Observer Food Monthly chooses its favourite recipes for brunch including steak and eggs, classic pancakes and congee

Robert Reids steak and eggs

At Balthazar, we use Angus Aberdeen grain-fed beef for this, and we cut the 300g steak from a small loin to ensure a consistent thickness of around 2cm. Before cooking, leave the steaks out of the fridge for about 15 minutes to bring them up to room temperature; this will help the cooking process.

Serves 2
steaks 2 x 300g
table salt a pinch
freshly ground black pepper
sunflower oil 100ml
free range eggs 2
Maldon salt flakes

Season the steaks on both sides with table salt and black pepper. Heat up a non-stick griddle pan on a medium heat. When hot, put the steaks on the pan diagonally (if you cant fit both on, do one at a time) and cook for 2 minutes, then move diagonally for another 2 minutes so that you get a diamond lattice effect on the steaks. Repeat on the other side. Take out of the pan and put onto 2 warmed plates to rest for 5 minutes. The steaks will be cooked medium (see below).

While the steak is resting, start frying your eggs in a non-stick frying pan. Put a little sunflower oil into the pan and heat up on a medium heat. Slowly crack your eggs into the pan. Cook slowly. When cooked, gently remove and put one on top of each steak. Serve immediately.

A good rule of thumb for cooking steaks is: 3 minutes on each side for medium rare; 4 minutes on each side for medium; 5 minutes or longer on each side for well done, all on a consistent heat. Always leave to rest for 5 minutes before serving.

Robert Reid is executive chef at Balthazar London WC2;

Nigel Slaters crepes with apples, maple syrup and vanilla cream

Crepes with apples, maple syrup and vanilla cream. Photograph: Jonathan Lovekin for the Observer

My own way with the humble pancake.

Serves 6
For the filling
sharp apples 1-1.2 kg
maple syrup 3 tbsp

For the batter
butter 30g
plain flour 100g
egg 1, large
egg yolk 1 extra
caster sugar 1 level tbsp
milk 350ml
extra melted butter for cooking

For the sauce
creme fraiche 200g
maple syrup 2 tbsp
vanilla extract a little

To make the apple filling peel, core and roughly chop the apples. Put in a pan with 4 tablespoons of water and simmer, covered, for 10-15 minutes. Stir occasionally. Stir in the maple syrup.

To make the pancakes, put the butter in a small pan, melt, then set aside. Sift the flour with a pinch of salt into a large bowl. Lightly beat the egg and egg yolk and stir with the sugar, milk and the butter into the flour. Leave to rest for half an hour. Brush a 20-22cm frying pan with melted butter. Stir the batter then pour in a small ladleful, tipping the pan so the batter just covers the base. Cook for a minute or so, until the underside is golden. Loosen with a palette knife, then turn to cook the other side. Lift it out and set aside.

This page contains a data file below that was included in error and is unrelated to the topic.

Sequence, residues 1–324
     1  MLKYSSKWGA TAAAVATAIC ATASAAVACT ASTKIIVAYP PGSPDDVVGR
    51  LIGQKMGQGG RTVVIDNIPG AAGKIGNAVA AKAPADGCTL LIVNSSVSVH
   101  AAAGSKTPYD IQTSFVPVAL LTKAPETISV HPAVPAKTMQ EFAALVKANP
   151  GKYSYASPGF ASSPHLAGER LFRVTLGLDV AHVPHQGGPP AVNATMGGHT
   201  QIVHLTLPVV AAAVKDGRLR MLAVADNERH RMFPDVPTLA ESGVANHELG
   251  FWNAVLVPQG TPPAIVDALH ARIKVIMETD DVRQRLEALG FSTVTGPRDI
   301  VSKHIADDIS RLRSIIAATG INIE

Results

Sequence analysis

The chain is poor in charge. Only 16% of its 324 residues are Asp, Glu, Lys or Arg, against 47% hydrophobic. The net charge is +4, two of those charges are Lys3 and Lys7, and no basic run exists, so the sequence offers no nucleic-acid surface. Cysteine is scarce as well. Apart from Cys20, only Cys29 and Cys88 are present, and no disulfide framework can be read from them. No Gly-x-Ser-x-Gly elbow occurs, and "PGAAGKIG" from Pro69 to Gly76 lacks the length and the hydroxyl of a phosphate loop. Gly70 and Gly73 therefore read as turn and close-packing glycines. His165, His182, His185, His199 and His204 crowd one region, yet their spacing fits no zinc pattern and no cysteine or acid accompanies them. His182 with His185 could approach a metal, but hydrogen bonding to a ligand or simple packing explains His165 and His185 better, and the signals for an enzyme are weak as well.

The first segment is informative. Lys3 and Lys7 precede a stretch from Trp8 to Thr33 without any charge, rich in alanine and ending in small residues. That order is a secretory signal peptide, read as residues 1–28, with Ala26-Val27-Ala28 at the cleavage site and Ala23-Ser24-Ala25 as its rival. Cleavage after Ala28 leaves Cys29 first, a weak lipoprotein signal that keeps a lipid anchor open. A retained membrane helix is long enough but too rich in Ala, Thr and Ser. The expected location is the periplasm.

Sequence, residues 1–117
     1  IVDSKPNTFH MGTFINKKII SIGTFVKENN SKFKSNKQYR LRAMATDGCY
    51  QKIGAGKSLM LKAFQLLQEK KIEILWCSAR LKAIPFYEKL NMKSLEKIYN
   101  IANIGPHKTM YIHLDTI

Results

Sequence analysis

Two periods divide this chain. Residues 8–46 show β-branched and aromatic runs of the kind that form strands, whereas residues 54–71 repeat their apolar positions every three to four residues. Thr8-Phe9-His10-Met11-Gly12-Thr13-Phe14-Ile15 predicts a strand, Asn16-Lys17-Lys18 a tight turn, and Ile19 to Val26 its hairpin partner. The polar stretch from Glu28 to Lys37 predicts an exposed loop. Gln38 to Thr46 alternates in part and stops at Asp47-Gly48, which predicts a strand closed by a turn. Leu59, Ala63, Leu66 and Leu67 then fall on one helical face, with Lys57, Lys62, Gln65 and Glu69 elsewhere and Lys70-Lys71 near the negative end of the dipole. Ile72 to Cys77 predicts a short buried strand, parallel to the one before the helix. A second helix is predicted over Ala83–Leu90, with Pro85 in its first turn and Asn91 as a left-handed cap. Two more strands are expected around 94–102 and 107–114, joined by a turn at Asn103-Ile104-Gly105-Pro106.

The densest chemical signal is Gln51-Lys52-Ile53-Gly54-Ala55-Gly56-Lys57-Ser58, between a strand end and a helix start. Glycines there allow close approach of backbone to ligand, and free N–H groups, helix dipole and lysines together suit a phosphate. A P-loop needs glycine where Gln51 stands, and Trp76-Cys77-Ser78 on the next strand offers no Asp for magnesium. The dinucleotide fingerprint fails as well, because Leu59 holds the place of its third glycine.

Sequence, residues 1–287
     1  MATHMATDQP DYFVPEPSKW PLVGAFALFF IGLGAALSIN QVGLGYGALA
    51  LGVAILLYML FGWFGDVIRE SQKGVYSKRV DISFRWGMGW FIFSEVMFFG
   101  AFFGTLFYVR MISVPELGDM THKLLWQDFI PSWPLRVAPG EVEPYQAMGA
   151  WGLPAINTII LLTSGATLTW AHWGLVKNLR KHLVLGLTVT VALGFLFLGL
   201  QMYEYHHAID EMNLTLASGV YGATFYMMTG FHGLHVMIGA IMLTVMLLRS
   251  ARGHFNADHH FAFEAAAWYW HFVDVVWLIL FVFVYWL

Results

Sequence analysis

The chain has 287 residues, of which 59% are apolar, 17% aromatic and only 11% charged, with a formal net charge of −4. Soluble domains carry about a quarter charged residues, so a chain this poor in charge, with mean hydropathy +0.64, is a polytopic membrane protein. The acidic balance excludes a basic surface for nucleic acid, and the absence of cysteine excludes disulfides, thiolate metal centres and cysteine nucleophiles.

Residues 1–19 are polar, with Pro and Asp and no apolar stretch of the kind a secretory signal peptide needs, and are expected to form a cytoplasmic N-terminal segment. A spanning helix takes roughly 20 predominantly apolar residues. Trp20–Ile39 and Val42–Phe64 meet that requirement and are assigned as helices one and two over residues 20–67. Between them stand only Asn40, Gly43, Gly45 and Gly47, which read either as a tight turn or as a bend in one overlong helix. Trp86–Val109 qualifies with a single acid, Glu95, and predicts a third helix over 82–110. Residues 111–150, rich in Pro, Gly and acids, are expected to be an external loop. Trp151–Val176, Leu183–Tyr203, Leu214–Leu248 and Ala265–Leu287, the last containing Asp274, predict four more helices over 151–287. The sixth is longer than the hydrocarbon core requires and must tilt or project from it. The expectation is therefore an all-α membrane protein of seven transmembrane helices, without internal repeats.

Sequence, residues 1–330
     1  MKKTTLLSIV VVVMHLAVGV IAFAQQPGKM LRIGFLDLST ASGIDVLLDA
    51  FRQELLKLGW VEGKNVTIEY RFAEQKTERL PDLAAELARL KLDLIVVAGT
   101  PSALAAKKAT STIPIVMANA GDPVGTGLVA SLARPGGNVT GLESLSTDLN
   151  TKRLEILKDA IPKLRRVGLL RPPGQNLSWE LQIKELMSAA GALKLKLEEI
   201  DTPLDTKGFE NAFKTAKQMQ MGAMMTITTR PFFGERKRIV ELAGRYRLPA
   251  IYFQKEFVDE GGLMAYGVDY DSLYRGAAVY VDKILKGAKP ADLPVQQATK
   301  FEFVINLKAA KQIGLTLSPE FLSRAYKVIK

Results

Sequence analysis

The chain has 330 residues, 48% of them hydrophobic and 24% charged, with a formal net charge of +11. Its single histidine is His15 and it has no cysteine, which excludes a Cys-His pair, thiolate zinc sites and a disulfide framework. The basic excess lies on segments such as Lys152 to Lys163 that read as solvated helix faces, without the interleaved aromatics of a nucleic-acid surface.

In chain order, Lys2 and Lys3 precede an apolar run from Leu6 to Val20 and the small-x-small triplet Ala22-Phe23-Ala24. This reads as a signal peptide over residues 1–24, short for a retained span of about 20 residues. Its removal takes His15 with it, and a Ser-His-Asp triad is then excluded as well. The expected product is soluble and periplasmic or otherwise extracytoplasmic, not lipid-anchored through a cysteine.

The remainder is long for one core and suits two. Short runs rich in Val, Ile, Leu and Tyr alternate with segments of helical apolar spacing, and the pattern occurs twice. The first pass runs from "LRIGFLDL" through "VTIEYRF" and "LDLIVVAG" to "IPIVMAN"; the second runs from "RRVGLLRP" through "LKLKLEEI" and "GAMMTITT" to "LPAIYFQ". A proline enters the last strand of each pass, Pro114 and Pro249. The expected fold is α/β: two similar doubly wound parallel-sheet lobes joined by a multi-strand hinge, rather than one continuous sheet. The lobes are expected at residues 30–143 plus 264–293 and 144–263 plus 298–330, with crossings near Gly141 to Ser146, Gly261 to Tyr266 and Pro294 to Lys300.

To finish, set the oven at 180C/gas mark 4. Place a pancake on the work surface, spread with the apple filling, then fold in half then half again to give a plump, loose triangle. Place in a warm serving dish and continue until the pancakes and apple are finished. Place in the oven for 10 minutes. Heat the creme fraiche over a moderate heat until melted. Stir in the maple syrup and a few drops of vanilla extract, stirring. Spoon the sauce over the pancakes and serve.

Sri Owens nasi goreng fried rice

Nasi goreng fried rice. Photograph: Haarala Hamilton for the Observer

This is one of the better known Indonesian dishes, although it originated in China. It has become an everyday dish that can be served with whatever you have, be it cold meat or leftover roast, or a vegetable stir-fry.

A good nasi goreng is light and hot; the rice grains moist but separate, and quite fluffy; and the garnish fresh and attractive to look at. The rice should be cooked 2-3 hours before it is to be fried, so that it has time to get cold. Freshly cooked still-hot rice will go soggy and oily if you fry it. Rice that has been left overnight is too stale to make first-rate nasi goreng.

If you are going to use seafood or meat, it is best to stir-fry this separately. Mix the meat or seafood into the rice in the final 2 minutes before serving; or simply spread on top of the rice on the serving dish.

Serves 4-6
peanut (groundnut) oil 2 tbsp
butter 1 tbsp
shallots 3, or 1 small onion, very finely chopped
sambal ulek 1 tsp (see note below) or tsp chilli powder
paprika 1 tsp
tomato puree or tomato ketchup 2 tsp
light soy sauce 2 tbsp
carrots 3, very finely diced
button mushrooms 115g, cleaned and quartered
hot water 2 tbsp (optional)
salt to taste
long-grain rice 450g, cooked by the absorption method or in an electric rice cooker, and allowed to cool completely